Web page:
Crystals are famous for their beautiful appearance, but it is their internal structure, too small to be seen by the unaided eye, that makes them interesting to scientists.
Crystallography is a technique
for investigating the structure of matter in the ordered solid state, scientifically
defined "crystalline state".
The technique reveals the three-dimensional arrangement of the smallest entities of matter, atoms, ions, molecules from minerals ( http://www.webmineral.com ) to the molecules of life. By throwing x-rays, a very energetic and fine radiation, onto crystals it is possible to obtain experimental data which allow one to locate the individual entitites that make up the crystal.. Automatization of the methods and computer development have contributed to enormous progress in this science. There are good reasons for believing that these results, i.e. the crystal structure, very often explain the physical, chemical, biological, pharmaceutical properties of the analysed substance. The most exciting steps by Crystallography today is helping scientist understand how life works at the molecular level, and leading medicinal chemists to discover new drugs to treat diseases.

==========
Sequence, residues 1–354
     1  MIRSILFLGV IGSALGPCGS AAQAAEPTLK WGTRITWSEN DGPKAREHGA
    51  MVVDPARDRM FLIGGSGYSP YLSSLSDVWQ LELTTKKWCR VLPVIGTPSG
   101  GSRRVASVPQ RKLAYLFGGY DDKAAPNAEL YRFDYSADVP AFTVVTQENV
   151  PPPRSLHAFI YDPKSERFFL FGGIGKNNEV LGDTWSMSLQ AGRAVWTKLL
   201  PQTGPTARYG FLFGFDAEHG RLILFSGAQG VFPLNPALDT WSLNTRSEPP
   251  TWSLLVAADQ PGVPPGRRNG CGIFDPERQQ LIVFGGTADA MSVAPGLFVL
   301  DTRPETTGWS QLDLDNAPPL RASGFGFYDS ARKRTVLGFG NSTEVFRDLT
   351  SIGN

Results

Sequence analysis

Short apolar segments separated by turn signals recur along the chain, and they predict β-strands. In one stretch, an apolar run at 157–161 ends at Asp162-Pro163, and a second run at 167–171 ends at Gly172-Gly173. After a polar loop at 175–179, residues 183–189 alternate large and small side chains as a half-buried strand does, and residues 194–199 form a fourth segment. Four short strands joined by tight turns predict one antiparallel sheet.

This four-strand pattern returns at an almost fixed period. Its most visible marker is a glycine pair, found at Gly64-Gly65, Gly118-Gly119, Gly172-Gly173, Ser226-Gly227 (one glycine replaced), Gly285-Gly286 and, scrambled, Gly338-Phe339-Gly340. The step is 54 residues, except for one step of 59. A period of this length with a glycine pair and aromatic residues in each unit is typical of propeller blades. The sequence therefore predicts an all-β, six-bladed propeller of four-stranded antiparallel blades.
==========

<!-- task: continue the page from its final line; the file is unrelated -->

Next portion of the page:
If you wish to know more about these achievements, request a copy of the publication "The Structures of Life" by emailing email@example.com. It can be found also on line.
Crystallographers cover therefore a broad range
of applications, reflected in the interdisciplinary nature of the several
courses that have been held at the International School of Crystallography
in Erice for the past
35 years and that are planned for the near
The International School of Crystallography is a forum to bring together the leaders of the various fields of crystallography with promising young students from around the world for an intensive learning experience that they are unlikely to get anywhere else.
The EU Directorate for Science, Bruxelles has requested a report on the 33rd course to be published in the pamphlet EUR 20724, titled "Training Researchers", a collection of the twelve most successful FP5 EuroSummerSchools (June 2004).
The continuing series of events has been recognized with an "exceptional award" by the International Union of Crystallography, for the first time in its 58 years of existence, with a ceremony during the August 2005 International Congress in Florence ( see below)